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Old 03-01-2015, 07:42 PM   #1
mojave OP
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1965 TR6 Trophy - what's it worth?

Hello,
I'm entering negotiations with a fellow for his 1965 TR6. I think he's the original owner, or close to it. The bike is in stock unmolested condition, probably very dusty as it was very dusty the last time I saw it 20 years ago. It hasn't been started in ages - i'm guessing nearly 30 years. I would think the condition is fair to good as it's been stored inside a temperature controlled garage at least some of that time. The last time I was in his garage I didn't see it so it might have been baking in a shed for years.

What's it worth? I'm guessing $4-5K if it isn't totally heat rotted. He's a friend and I'm looking to pay a fair price for the year, stock configuration, and condition. I would think one of these in great unrestored condition, or expertly restored, would be well over 10K. I might be able to get some pics but not before next week.

I'm sliding into retirement and I'm looking for something to while away the days and to spend money on.
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Old 03-01-2015, 08:32 PM   #2
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NADA is not the be all but say this for the base model TR6.
The S/C and S/R model jump up in price.

1965 TR6.
Excellent $10,250
Very Good $5,900
Good $3,710
Fair $2,595
Poor N/A
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Old 03-01-2015, 08:34 PM   #3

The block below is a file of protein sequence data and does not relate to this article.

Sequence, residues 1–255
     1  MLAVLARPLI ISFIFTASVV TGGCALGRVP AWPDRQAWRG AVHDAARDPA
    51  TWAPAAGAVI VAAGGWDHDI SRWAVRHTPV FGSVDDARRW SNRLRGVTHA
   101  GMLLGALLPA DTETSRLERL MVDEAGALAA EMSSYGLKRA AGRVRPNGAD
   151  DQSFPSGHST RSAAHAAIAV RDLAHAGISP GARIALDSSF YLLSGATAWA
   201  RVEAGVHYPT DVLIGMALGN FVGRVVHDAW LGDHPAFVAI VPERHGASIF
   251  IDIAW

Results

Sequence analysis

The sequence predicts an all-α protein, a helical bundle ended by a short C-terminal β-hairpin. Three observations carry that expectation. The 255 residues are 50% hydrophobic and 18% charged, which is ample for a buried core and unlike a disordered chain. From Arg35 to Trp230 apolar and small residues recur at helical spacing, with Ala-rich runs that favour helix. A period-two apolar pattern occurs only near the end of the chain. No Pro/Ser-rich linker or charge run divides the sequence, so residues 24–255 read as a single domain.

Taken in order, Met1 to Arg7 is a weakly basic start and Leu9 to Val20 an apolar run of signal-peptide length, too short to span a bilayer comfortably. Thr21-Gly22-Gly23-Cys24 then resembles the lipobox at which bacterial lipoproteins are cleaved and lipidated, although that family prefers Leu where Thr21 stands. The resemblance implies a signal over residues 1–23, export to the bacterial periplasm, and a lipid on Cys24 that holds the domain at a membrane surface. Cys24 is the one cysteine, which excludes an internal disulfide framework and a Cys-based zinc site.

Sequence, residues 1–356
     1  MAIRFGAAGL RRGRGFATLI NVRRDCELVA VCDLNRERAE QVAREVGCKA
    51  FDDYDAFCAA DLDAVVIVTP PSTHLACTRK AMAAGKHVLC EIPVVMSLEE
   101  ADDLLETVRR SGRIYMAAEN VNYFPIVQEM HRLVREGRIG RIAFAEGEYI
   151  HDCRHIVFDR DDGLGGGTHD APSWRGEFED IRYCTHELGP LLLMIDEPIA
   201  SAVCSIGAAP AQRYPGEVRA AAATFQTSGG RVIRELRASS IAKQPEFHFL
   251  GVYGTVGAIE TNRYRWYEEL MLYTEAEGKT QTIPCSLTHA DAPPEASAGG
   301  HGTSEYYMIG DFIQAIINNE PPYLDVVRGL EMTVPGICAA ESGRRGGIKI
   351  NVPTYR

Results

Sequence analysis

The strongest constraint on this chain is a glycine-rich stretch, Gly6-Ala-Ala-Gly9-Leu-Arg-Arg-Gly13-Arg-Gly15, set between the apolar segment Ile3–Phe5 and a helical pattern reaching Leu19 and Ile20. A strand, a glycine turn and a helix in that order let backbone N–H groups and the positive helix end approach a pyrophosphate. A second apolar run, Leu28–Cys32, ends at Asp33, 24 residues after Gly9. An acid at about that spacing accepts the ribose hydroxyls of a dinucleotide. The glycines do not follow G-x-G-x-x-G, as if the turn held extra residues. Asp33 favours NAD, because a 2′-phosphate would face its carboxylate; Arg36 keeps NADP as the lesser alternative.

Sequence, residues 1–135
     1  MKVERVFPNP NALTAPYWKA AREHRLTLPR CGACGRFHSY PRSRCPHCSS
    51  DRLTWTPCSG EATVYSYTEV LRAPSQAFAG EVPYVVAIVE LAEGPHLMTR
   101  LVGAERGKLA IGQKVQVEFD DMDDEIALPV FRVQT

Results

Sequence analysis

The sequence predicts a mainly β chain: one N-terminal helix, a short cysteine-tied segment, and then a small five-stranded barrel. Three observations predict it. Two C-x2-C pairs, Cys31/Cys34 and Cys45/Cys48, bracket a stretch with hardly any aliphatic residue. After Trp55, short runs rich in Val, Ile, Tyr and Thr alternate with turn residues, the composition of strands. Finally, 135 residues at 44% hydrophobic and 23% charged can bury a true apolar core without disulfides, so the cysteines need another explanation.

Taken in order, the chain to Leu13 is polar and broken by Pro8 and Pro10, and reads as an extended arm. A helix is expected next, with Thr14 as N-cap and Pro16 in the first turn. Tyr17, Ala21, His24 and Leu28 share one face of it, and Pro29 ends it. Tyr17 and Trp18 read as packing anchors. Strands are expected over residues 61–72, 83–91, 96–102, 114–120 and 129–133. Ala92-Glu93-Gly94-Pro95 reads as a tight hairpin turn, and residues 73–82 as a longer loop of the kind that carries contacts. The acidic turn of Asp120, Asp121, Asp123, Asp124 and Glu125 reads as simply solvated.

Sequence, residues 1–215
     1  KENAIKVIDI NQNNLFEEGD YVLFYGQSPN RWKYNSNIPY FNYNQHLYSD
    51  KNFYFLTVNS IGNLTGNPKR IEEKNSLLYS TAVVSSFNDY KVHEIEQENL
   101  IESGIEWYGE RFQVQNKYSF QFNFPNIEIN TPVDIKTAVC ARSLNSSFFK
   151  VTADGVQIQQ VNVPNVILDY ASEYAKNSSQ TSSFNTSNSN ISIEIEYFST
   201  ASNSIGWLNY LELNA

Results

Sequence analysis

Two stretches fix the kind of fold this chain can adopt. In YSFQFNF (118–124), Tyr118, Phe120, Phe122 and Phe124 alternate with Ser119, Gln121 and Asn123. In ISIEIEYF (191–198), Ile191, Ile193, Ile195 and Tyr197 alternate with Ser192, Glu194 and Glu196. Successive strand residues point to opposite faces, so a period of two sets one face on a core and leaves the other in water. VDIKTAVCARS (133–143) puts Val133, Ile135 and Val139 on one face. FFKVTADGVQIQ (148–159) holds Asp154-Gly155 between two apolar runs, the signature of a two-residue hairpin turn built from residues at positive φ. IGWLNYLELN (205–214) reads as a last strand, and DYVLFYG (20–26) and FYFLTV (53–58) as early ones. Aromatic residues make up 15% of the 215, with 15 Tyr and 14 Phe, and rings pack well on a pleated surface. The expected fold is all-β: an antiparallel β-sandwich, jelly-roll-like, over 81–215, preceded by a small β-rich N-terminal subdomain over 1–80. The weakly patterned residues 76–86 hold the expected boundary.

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I'd love to see a picture of it. I have a '64 TR6 that I bought from the original owner about 6 years ago. Mine had been sitting for almost 39 years when I got it, and part of that was in a barn where cattle lived in the other end of the building. The ammonia from the urine fumes had turned all the chrome a sickly green where it wasn't rusted.

The engine was stuck, which I figured was a piston stuck in the cylinder. I let it soak for a long time and tried to kick it every so often. Finally it broke loose and spun over. It turned out that the pistons were free but a valve was rusted into its guide. It came loose enough to open and then stayed open, so I bent it with my stupidity.

It's a nice bike now, and it runs great. I have a file folder stuffed with receipts that I am scared to add up. I bought all the tools and did all the mechanical work myself, but farmed out the paint, plating, and powder work.

Mine is a low miles bike, still on the original bore from the factory. The bores are truer than you might see on a new bike. Still, it took a lot of doing. If you hear about the sludge trap inside the crank, pay attention. Here's what I found, and I doubt this bike had run 10K miles. The oil has to run through here to get to the big ends:







Depending on what you do to it, and how much work you do yourself (and you don't count your time as money) I'm thinking you could easily wrap up $10,000 in it, but you would be doing well to sell it for that. Most people mistakenly want the old Bonnevilles, when the TR6 is much less hassle to tune and to ride. They really are terrific bikes. Don't let me talk you out of anything.

Just sayin'

I did a fairly extensive build thread over on Britbike.com, where I go by username TR6Ray if you are interested. There isn't a lot of difference from '64 to '65. You could skim through that and get some idea of what might be involved.

Good luck!

Ray
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Old 03-01-2015, 08:36 PM   #4
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I was just off to get a link for your thread Ray